Despite its simplicity compared with classical logic, this combination of Horn clauses and negation as failure has proved to be surprisingly expressive. For example, it has been shown to correspond, with some further extensions, quite naturally to the semiformal language of legislation. It is also a natural language for expressing commonsense laws of cause and effect, as in the situation calculus and event calculus.
Abductive logic programming
Abductive Logic Programming is an extension of normal Logic Programming that allows some predicates, declared as abducible predicates, to be incompletely defined. Problem solving is achieved by deriving hypotheses expressed in terms of the abducible predicates as solutions of problems to be solved. These problems can be either observations that need to be explained (as in classical abductive reasoning) or goals to be achieved (as in normal logic programming). It has been used to solve problems in Diagnosis, Planning, Natural Language and Machine Learning. It has also been used to interpret Negation as Failure as a form of abductive reasoning.
Metalogic programming
Because mathematical logic has a long tradition of distinguishing between object language and metalanguage, logic programming also allows metalevel programming. The simplest metalogic progam is the socalled "vanilla" metainterpreter:
solve(true). solve((A,B)): solve(A),solve(B). solve(A): clause(A,B),solve(B).
where true represents an empty conjunction, and clause(A,B) means there is an objectlevel clause of the form A : B.
Metalogic programming allows objectlevel and metalevel representations to be combined, as in natural language. It can also be used to implement any logic that is specified by means of inference rules.
Constraint logic programming
Constraint logic programming is an extension of normal Logic Programming that allows some predicates, declared as constraint predicates, to occur as literals in the body of clauses. These literals are not solved by goalreduction using program clauses, but are added to a store of constraints, which is required to be consistent with some builtin semantics of the constraint predicates.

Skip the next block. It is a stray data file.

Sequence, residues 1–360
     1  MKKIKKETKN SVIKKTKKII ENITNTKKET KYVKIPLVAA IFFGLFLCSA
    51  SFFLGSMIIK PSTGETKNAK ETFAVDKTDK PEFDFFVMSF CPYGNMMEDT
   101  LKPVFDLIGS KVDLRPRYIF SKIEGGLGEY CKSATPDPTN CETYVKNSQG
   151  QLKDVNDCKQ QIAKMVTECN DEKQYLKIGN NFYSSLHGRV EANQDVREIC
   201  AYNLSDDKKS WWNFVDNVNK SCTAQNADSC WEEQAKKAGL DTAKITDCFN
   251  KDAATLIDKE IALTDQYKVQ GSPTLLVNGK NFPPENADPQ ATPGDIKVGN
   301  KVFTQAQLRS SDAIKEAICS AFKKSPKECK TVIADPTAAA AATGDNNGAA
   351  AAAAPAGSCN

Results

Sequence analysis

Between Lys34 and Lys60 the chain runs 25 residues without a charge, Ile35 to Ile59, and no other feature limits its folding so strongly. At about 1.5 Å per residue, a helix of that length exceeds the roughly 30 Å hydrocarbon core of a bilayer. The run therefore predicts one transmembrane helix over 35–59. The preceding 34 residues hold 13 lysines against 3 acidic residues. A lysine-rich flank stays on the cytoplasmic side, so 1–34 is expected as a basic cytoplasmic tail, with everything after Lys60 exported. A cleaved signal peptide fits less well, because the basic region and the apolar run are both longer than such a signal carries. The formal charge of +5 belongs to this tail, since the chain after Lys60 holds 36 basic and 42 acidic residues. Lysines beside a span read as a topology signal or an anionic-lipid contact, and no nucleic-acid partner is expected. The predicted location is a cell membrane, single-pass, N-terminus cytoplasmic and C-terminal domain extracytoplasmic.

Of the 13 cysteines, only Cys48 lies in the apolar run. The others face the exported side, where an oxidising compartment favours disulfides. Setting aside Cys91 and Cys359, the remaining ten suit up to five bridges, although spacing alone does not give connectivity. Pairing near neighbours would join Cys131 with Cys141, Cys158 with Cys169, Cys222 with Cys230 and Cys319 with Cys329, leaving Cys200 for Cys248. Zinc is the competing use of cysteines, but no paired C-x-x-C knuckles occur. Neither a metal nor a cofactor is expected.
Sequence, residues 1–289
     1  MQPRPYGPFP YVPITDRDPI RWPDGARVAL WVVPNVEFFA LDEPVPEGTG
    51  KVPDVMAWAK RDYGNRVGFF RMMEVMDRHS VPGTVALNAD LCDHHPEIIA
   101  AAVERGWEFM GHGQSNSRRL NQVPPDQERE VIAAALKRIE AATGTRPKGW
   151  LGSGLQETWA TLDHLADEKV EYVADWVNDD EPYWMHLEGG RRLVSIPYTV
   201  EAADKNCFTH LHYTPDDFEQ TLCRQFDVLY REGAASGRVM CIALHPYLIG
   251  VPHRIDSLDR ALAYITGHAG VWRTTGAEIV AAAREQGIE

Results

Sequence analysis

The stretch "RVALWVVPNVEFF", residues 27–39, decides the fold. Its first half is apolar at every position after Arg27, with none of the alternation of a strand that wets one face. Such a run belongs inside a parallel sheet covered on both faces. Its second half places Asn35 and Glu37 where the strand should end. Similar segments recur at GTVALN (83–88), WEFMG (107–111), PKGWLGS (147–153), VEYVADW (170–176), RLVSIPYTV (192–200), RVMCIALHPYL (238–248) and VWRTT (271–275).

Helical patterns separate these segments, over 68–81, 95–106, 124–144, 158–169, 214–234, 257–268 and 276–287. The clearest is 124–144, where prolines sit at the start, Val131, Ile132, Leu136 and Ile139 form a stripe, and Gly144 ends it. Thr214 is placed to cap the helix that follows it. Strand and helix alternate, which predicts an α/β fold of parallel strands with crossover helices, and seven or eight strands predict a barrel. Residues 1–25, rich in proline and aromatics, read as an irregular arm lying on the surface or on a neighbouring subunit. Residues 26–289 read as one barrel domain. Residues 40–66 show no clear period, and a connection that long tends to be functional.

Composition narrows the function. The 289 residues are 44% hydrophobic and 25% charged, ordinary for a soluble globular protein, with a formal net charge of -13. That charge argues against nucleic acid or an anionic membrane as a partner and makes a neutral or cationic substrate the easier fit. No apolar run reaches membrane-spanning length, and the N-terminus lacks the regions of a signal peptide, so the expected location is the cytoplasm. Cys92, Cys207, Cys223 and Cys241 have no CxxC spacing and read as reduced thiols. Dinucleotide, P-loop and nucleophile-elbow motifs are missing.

Problem solving is achieved by reducing the initial problem to a satisfiable set of constraints. Constraint logic programming has been used to solve problems in such fields as civil engineering, mechanical engineering, digital circuit verification, automated timetabling, air traffic control, and finance. It is closely related to abductive logic programming.
Concurrent logic programming
Keith Clark, Steve Gregory, Vijay Saraswat, Udi Shapiro, Kazunori Ueda, etc. developed a family of Prologlike concurrent message passing systems using unification of shared variables and data structure streams for messages. Efforts were made to base these systems on mathematical logic, and they were used as the basis of the Japanese Fifth Generation Project (ICOT). However, the Prologlike concurrent systems were based on message passing and consequently were subject to the same indeterminacy as other concurrent messagepassing systems, such as Actors (see Indeterminacy in concurrent computation). Consequently, the ICOT languages were not based on logic in the sense that computational steps could not be logically deduced [Hewitt and Agha, 1988].
Concurrent constraint logic programming combines concurrent logic programming and constraint logic programming, using constraints to control concurrency. A clause can contain a guard, which is a set of constraints that may block the applicability of the clause. When the guards of several clauses are satisfied, concurrent constraint logic programming makes a committed choice to the use of only one.
Inductive logic programming
Inductive logic programming is concerned with generalizing positive and negative examples in the context of background knowledge. Generalizations, as well as the examples and background knowledge, are expressed in logic programming syntax. Recent work in this area, combining logic programming, learning and probability, has given rise to the new field of statistical relational learning and probabilistic inductive logic programming.